JOHN: “Every actor is different and getting to know them and how they work, and most importantly building a sense of trust with them, is crucial. I always try to meet with the actors individually beforehand to talk about the scripts and to listen to their thoughts, ideas, and sometimes fears and to explain my vision for the project. It’s important that they know that you have a clear idea of what you want to achieve. If there’s time I find rehearsals are a useful way to get a sense of how the actors like to work and what they might need from me as a director. We did a little rehearsal on Obituary but mostly we just talked about the characters and the story, creating an open dialogue and getting comfortable with each other. Advice I’d give to aspiring directors is to be prepared and know what you want when you come to set each day but also be open to new ideas, wherever they might come from, and be willing to adapt your vision on the day.”

IFTN: What was your first role as a director (feature/short etc.), and how has your style changed over the years?

JOHN: “My first role as a director on a narrative story was on my short film Two Fat Ladies in 2003. Previously I'd been directing promos and commercials for a few years so I had a good deal of directing experience at that point but that was my first time telling a story so to speak. Because of my commercials background I was very prepared (shot lists, mood boards etc.) and probably micro-managed things a little too much back then. I still like to be prepared arriving on set but over the years I’ve definitely become more relaxed, particularly around the actors. I've also become more confident in how I want to tell the story and know when I have what I need. I’m lucky to work with some great people so I try to give them the space to do their jobs and keep my focus on telling the story.”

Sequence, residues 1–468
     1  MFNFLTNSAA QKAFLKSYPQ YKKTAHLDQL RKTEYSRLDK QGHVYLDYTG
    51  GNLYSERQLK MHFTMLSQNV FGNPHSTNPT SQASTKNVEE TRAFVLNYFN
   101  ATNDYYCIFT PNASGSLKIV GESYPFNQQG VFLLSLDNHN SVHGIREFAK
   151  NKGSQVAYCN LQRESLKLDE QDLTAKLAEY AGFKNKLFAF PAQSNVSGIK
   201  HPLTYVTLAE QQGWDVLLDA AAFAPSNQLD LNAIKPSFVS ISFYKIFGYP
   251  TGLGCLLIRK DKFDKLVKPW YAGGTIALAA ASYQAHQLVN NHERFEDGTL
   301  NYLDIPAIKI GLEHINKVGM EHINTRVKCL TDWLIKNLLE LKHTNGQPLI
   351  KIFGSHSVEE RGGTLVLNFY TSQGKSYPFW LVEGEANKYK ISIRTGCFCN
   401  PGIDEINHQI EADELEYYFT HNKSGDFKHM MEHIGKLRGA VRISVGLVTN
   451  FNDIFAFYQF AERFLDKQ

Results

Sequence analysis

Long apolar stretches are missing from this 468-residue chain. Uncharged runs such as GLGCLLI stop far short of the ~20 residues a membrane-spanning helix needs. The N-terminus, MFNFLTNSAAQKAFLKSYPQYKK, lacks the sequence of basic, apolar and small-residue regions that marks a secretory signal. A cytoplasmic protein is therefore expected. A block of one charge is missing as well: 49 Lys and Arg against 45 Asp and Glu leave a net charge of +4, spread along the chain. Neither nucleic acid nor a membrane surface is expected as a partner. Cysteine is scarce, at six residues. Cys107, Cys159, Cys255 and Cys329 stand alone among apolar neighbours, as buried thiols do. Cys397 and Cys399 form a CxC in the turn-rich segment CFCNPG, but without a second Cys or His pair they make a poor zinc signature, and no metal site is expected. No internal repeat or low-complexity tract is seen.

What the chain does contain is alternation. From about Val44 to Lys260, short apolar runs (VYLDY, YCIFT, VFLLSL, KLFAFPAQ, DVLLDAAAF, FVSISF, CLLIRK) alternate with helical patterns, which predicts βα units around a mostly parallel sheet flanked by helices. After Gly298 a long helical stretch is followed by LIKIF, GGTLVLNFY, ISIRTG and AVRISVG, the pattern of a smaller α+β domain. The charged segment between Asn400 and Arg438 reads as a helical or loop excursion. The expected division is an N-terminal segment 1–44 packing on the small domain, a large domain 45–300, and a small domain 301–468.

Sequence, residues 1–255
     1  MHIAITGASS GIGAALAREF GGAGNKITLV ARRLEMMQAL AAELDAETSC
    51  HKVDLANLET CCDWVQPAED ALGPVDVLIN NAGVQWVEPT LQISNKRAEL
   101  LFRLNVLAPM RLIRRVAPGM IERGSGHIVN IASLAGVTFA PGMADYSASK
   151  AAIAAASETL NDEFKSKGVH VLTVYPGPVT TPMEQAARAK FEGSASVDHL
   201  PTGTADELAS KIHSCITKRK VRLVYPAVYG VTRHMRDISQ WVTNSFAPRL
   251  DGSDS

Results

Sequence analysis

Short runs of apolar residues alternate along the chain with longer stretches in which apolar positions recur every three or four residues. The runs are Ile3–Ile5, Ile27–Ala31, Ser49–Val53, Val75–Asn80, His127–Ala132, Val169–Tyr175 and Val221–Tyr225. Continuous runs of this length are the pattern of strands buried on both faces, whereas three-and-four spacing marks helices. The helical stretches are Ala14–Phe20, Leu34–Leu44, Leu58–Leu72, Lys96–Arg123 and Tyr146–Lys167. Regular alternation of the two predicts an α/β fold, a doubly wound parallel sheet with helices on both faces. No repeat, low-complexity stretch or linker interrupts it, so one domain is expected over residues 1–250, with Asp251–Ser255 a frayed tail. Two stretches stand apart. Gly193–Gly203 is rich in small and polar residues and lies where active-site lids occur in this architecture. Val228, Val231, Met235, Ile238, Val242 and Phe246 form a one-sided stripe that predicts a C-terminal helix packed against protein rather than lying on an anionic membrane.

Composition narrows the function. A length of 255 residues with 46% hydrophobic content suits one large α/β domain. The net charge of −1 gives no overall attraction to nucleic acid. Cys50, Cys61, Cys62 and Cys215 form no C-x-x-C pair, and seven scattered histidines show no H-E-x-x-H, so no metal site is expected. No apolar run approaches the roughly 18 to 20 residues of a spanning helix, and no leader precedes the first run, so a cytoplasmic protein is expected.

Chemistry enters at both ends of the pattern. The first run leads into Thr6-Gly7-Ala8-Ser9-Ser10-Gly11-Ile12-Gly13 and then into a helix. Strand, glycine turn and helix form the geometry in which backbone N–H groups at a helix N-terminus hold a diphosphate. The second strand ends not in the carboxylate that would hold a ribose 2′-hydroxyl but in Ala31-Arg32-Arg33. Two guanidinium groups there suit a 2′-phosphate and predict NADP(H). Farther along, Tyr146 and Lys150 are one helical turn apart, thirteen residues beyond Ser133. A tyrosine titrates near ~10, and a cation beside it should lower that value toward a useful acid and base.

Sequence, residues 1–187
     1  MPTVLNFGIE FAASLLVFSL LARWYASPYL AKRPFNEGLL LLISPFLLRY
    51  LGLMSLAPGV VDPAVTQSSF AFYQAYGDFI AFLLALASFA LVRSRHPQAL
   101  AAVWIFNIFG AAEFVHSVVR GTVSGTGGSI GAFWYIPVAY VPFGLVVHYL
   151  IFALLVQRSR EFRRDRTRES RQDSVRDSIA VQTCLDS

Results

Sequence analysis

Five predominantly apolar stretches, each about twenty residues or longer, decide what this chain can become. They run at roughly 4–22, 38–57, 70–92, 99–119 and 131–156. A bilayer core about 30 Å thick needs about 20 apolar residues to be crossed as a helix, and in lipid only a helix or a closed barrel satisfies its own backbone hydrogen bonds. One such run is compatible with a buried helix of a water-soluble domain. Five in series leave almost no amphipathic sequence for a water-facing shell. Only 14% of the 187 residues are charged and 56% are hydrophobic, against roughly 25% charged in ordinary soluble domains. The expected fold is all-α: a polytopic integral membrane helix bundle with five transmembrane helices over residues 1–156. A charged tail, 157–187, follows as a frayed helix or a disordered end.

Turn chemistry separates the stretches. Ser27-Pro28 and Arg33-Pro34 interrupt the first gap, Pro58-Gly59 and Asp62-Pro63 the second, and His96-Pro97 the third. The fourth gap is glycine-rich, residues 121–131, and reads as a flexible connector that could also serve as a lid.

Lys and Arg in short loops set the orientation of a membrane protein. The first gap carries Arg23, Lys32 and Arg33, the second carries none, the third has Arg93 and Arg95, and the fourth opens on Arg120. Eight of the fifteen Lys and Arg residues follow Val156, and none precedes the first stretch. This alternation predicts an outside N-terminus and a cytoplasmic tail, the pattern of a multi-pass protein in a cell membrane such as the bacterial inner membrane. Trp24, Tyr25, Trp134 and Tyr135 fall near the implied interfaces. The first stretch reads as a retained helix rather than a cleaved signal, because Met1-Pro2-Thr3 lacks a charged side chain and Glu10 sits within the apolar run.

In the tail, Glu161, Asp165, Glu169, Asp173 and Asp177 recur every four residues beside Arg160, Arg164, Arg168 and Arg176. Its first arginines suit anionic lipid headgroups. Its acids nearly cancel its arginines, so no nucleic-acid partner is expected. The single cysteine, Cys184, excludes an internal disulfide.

IFTN: What filmmaker or director’s work has influenced or inspired you the most?

JOHN: “That’s such a tough question as there are so many directors whose work I admire. 70s cinema has always been a big favourite of mine and the great directors of that period Coppola, Scorsese, Friedkin etc. continue to inspire me. I grew up watching Spielberg movies and have been revisiting some of them with my kids recently and it's been great to see how they respond to them. I’m also a big fan of anything that David Fincher does and when I was directing commercials Jonathan Glazer was a hero of mine and seeing how he’s grown as a filmmaker over the years is a continuing inspiration.”

IFTN: What other Irish filmmakers have you been most impressed by recently?

JOHN: “Lenny Abrahamson continually does great work whether it’s in film or TV. Lorcan Finnegan is also building an interesting body of work and it’s great to see filmmakers like Lee Cronin breaking out and working in Hollywood. There are also several Irish directors working in TV, both here and abroad, whose work I admire and I’m always keen to see what they do next.”

IFTN: What’s the best piece of advice you’ve been given in your career?

JOHN: “Getting to direct anything whether it’s a short, TV drama, or a film takes a lot of luck and perseverance. If you’re like me, once you do eventually make it to the first day of shooting, you’re usually a bag of nerves. A piece of advice that was given to me early on, and I'm only now taking heed of, is to try to enjoy it because you'll only get to make this story once. I think that’s pretty good advice.”